Was GM Reckless? (by Thomas McCarroll, Time)

 

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Suggested Reforms:

 

 

 

 

 

 

 

 

 

 

 

 

 

 

 

 

 

 

 

 

 

 

 

 

 

 

 

 

 

 

 

 

 

 

 

 

 

 

 

 

 

 

 

 

 

 

 

 

 

 

 

 

 

 

 

 

Average Fuel Economy
Consumer average fuel economy (CAFE) was first enacted by Congress in 1975 to reduce energy consumption by increasing fuel economy standards of cars and light trucks. NHTSA sets fuel economy standards for cars and light trucks sold in the U.S., while the Environmental Protection Agency (EPA) calculates average fuel economy for each manufacturer.
 
Passed by Congress and signed into law by President Bush in 2007, the new CAFE law will require auto manufacturers to boost their required average fuel economy by nearly 40%, to 35 mpg by 2020. How the new standards are met is left up to the manufacturers themselves, while NHTSA is charged with verification and enforcement.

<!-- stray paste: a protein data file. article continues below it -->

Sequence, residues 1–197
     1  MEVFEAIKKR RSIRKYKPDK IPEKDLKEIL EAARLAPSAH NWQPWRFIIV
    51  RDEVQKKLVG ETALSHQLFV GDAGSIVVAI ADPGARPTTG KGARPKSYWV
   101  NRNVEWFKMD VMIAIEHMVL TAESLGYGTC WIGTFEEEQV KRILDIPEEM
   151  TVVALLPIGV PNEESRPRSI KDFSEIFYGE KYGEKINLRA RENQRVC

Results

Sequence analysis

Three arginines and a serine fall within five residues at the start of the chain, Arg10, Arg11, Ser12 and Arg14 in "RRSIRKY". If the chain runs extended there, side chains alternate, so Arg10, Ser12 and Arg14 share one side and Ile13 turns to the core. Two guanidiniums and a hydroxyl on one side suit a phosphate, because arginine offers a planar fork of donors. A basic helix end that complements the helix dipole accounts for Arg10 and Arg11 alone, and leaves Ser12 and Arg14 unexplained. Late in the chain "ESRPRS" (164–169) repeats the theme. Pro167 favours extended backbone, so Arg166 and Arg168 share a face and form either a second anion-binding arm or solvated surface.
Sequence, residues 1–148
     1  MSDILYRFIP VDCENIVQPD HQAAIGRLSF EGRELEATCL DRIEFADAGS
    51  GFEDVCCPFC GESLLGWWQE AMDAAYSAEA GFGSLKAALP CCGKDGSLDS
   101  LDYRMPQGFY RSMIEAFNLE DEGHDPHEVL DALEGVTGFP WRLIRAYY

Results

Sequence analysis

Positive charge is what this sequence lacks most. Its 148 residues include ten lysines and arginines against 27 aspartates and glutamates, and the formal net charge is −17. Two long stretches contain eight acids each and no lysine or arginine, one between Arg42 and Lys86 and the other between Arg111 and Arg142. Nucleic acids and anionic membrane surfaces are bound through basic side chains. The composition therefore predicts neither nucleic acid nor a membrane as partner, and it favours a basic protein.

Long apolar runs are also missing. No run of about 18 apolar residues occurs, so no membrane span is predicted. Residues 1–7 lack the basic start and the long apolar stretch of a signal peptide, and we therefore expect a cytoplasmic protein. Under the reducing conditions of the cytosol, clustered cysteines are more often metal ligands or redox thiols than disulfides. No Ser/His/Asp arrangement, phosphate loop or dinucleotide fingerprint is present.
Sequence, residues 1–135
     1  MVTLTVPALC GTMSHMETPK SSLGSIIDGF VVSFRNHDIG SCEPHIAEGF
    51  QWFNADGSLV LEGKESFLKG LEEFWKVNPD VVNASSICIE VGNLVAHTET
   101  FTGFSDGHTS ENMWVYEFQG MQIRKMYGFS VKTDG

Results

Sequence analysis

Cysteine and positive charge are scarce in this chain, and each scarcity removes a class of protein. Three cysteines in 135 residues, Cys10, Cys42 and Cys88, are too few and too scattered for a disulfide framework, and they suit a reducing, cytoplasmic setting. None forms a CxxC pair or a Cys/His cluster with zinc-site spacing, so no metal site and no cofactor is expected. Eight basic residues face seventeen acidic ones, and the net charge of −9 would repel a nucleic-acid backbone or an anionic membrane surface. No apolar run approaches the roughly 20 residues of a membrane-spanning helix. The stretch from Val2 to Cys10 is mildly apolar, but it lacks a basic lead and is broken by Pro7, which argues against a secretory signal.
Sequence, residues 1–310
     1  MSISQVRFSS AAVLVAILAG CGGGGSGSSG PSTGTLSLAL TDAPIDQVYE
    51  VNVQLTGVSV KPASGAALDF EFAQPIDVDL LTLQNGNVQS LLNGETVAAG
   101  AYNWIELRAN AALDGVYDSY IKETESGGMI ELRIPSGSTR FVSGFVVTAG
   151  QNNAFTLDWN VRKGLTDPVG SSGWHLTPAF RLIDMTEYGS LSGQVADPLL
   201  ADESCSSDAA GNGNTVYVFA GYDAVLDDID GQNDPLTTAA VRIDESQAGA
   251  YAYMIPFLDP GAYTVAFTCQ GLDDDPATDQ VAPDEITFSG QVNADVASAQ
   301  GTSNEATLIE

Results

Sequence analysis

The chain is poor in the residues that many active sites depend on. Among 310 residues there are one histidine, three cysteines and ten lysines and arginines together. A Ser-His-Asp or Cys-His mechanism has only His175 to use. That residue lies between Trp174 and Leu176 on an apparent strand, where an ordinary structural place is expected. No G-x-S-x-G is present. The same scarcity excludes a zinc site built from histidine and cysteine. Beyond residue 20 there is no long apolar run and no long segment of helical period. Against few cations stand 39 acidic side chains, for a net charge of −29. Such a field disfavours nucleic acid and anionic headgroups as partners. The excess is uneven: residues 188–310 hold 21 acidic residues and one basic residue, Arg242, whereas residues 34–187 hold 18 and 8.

The new CAFE includes the following changes, relative to its predecessor: Under the new regulations, companies whose fleets exceed fuel economy standards for any given year are awarded credits, which they can then sell to competitors who didn’t meet the year’s standard (under current regulations they are allowed credits, but not permitted to sell them); the new law also directs NTHSA to formulate fuel economy rules for medium and heavy-duty trucks, as well as SUVS.
 
Under new regulations, manufacturers will have the choice of complying with standards established under either the traditional system (Unreformed CAFE) or the Reformed CAFE system, during a transition period between Model Years (MYs) 2008-2010. In MY 2011, all manufacturers will be required to comply with the Reformed CAFE standard. Under Reformed CAFE, the agency is setting standards based on “vehicle footprint” (a measurement based on the wheelbase multiplied by the average track width in square feet).
 
Additionally, in MY 2011, the agency is requiring medium-duty passenger vehicles
(MDPVs) to meet fuel economy standards for the first time.
 
Senate Panel Slams Bush Fuel Economy Plan (by J.R. Pegg, Environmental News Service)
Final Regulatory Impact Analysis: Corporate Average Fuel Economy and Cafe Reform for my 2008-2011 Light Trucks (Office of Regulatory Analysis and Evaluation, National Center for Statistics and Analysis) (PDF)
Fact Sheet: CAFE Reform for Passenger Cars (White House Press Release)
 
Electronic Stability Control (ESC)